Treating Relapsed/Refractory Multiple Myeloma With Bispecific Therapy

Goals and Efficacy of the MajesTEC-1 Trial in Multiple Myeloma

Thomas G. Martin, MD, discusses the goals and efficacy outcomes of the phase 1/2 MajesTEC-1 trial of teclistamab-cqyv for patients with relapsed/refractory multiple myeloma.

Thomas G. Martin, MD, clinical professor of medicine and associate director of the Myeloma Program at the University of California, San Francisco; and coleader of the Cancer Immunology & Immunotherapy Program at the Helen Diller Family Comprehensive Cancer Center, discusses the goals and efficacy outcomes of the phase 1/2 MajesTEC-1 trial (NCT03145181; NCT04557098) of teclistamab-cqyv (Tecvayli) for patients with relapsed/refractory multiple myeloma.

The trial enrolled patients who had previously received at least an anti-CD38 antibody, an immunomodulatory agent (IMiD), and a proteasome inhibitor (PI), with a median of 5 prior lines of therapy. Ninety percent were refractory to their most recent therapy. The primary end point was overall response rate (ORR), whereas secondary end points included duration of response (DOR) and the rate of patients with a very good partial response (VGPR) or better, complete response (CR) or better, stringent CR (sCR) or better, and the rate of negativity for minimal residual disease (MRD).

Teclistamab, a B-cell maturation antigen–targeted bispecific T-cell engager, was given in 2 step-up doses followed by the regular dose level of 1.5 mg/kg weekly by subcutaneous injection until disease progression, unacceptable toxicity, or the end of the study.

Martin says that an early-phase study of a new agent in patients with triple-class refractory multiple myeloma might be expected to have an ORR of between 20% and 30%, but teclistamab performed far better in this study’s efficacy population of 110 patients: the ORR was 61.8%, with 28.2% having a CR or better and 57.3% having a VGPR or better.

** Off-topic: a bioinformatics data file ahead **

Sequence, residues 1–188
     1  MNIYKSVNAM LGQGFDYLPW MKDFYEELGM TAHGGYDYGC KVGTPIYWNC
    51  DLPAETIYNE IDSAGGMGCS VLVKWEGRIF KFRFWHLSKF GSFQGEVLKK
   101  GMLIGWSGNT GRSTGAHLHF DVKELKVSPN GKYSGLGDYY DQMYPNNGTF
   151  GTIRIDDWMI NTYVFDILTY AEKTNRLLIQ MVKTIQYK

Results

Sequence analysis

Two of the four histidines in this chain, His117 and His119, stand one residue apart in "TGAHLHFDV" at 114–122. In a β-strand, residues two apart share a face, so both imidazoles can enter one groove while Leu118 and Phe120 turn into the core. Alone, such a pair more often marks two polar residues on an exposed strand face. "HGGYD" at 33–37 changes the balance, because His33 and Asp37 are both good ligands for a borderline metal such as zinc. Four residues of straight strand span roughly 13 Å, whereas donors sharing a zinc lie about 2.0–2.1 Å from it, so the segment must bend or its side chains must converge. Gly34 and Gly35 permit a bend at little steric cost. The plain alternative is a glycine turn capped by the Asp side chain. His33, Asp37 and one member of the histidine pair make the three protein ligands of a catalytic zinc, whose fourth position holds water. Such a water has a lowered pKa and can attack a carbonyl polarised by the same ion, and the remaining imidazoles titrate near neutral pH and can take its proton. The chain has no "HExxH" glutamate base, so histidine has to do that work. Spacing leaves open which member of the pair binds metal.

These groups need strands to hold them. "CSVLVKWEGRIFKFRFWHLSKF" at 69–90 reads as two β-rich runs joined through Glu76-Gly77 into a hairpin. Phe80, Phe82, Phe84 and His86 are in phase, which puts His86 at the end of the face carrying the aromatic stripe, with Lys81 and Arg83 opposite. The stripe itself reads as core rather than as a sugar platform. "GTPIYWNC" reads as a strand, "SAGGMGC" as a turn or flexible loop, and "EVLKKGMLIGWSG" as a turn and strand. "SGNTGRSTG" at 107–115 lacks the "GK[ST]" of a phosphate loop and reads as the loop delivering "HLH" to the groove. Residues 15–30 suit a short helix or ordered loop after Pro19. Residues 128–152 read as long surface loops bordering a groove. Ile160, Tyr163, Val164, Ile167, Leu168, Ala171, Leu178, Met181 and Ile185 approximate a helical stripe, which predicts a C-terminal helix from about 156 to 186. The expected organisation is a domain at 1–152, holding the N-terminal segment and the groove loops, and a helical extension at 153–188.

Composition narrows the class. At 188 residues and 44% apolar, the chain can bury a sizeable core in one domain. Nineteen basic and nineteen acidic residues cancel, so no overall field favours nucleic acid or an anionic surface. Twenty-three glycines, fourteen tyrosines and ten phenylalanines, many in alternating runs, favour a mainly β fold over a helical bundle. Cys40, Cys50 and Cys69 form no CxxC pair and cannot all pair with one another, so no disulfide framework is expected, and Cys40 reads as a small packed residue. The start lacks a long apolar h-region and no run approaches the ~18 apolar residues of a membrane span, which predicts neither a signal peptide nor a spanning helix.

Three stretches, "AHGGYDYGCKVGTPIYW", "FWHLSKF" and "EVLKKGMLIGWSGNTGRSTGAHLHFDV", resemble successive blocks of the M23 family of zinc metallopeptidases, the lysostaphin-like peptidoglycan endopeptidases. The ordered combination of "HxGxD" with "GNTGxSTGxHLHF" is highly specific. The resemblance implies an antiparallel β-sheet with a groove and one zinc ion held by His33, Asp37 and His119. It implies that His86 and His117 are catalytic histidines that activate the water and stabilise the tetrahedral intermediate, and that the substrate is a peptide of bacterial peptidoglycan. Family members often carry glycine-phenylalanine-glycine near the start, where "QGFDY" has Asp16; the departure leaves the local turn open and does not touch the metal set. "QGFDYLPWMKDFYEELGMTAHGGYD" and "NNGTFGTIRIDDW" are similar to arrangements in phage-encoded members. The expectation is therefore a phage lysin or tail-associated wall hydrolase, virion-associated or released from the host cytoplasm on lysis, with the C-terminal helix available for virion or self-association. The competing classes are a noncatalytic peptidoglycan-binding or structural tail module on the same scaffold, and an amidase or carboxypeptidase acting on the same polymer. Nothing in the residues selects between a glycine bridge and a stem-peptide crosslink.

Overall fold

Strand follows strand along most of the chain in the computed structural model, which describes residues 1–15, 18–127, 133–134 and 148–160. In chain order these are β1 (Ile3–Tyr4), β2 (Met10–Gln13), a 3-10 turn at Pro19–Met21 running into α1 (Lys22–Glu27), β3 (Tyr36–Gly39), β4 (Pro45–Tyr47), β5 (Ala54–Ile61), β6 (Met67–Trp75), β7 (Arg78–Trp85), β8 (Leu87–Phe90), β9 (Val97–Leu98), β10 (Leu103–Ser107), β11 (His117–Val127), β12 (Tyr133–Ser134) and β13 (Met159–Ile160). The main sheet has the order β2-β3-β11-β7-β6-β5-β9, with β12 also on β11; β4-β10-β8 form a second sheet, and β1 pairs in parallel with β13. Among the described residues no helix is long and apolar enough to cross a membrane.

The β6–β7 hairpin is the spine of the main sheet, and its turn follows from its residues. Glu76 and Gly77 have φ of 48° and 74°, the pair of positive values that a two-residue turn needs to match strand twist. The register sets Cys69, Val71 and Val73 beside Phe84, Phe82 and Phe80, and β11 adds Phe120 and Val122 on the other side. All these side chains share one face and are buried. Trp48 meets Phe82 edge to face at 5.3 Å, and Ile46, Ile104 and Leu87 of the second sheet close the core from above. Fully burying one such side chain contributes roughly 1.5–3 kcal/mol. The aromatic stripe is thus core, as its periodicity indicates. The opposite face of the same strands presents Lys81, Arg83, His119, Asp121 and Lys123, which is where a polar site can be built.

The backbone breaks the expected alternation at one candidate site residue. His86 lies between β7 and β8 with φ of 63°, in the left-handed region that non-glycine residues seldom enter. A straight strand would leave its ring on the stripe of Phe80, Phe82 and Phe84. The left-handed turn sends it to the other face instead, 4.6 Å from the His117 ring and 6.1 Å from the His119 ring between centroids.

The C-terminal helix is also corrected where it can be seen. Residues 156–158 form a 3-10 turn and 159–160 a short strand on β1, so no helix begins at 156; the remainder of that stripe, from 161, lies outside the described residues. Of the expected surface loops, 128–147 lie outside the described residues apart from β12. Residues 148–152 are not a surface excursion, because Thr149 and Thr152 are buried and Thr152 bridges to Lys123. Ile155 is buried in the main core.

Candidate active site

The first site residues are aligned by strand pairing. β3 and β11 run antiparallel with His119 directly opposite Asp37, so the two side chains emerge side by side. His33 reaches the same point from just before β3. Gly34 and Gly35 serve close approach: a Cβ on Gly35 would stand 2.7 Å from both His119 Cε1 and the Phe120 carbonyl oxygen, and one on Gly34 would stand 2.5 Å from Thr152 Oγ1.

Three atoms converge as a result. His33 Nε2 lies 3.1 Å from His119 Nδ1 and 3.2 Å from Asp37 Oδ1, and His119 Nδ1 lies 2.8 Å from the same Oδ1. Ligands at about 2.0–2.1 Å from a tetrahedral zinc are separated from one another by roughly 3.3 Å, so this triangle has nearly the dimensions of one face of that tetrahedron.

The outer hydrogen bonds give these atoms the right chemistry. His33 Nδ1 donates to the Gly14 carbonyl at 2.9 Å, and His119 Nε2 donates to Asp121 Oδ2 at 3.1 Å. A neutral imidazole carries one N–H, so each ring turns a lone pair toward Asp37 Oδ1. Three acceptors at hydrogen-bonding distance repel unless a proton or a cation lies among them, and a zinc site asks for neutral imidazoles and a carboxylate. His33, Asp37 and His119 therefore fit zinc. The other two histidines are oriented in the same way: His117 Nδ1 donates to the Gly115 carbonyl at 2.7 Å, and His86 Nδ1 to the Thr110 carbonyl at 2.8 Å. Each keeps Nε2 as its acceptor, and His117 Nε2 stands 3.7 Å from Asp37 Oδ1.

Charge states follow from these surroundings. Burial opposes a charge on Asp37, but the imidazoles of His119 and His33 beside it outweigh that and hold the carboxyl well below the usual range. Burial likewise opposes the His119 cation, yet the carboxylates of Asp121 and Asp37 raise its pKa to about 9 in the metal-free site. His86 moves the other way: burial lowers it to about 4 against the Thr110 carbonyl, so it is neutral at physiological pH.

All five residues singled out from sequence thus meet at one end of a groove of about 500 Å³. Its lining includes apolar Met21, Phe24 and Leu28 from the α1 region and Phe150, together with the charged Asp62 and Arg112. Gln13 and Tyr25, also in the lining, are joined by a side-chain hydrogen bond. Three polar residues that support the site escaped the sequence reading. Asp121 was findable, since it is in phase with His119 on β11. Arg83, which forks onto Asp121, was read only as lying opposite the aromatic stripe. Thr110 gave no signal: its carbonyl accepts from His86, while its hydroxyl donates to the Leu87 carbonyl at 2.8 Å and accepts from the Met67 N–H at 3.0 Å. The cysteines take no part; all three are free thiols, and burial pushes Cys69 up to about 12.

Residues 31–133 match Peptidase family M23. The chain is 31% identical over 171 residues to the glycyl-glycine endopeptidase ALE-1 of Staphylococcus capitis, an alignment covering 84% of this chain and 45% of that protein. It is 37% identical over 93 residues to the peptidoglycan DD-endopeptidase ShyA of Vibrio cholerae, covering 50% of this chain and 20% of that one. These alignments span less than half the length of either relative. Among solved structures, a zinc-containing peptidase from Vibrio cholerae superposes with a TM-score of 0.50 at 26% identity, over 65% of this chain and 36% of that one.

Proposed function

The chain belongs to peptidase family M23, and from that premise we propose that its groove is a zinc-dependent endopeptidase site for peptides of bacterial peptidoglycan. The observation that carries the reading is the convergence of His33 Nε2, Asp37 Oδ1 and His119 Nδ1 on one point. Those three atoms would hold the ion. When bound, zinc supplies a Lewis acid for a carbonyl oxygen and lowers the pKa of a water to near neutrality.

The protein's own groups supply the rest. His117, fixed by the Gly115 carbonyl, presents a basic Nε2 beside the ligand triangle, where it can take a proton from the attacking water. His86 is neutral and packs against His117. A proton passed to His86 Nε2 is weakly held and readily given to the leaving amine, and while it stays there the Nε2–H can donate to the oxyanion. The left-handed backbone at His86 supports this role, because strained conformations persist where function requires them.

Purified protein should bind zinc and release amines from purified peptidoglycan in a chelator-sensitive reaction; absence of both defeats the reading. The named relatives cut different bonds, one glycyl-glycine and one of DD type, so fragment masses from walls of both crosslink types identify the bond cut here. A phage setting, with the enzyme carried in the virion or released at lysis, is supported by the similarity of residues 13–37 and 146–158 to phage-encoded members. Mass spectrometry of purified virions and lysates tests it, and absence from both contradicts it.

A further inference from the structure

0:08 | The key end point for this was ORR, because in fact, when we look at this population and we do any kind of study, any phase 1, any single-agent trial, we typically see an ORR—or we expect to see for agents that are active—anywhere between 20% and 30%. So the primary end point was ORR; there [were] a number of secondary end points including DOR, whether patients had a really good response—a VGPR or better—the number of patients that had CR or better, the number of patients had stringent CR, and they also looked at MRD.

0:47 | In this trial, it was a very heavily pretreated population. So 100% of them had received exposure to the big 3 classes of medicines like we had expected, so PIs, IMiDs, and CD38 antibodies. About 90% are refractory to their last line of therapy. They have [a median of] about 5 prior lines of therapy.

1:14 | The way this medication is given, it's given for safety purposes in step-up doses. So you get 2 step-up doses prior to the first real dose. And then once you have the real dose, it's given weekly thereafter, again, at 1.5 mg/kg. And, in fact, the study showed pretty amazing ORR; it was 62%. It was better than what any of us expected it to be, in fact, so the number of patients [who] are achieving a CR or better was right around 29%, those achieving a sCR was just over 21%, and almost 60% of them had a VGPR or better. So this is a very active drug in this late-line setting.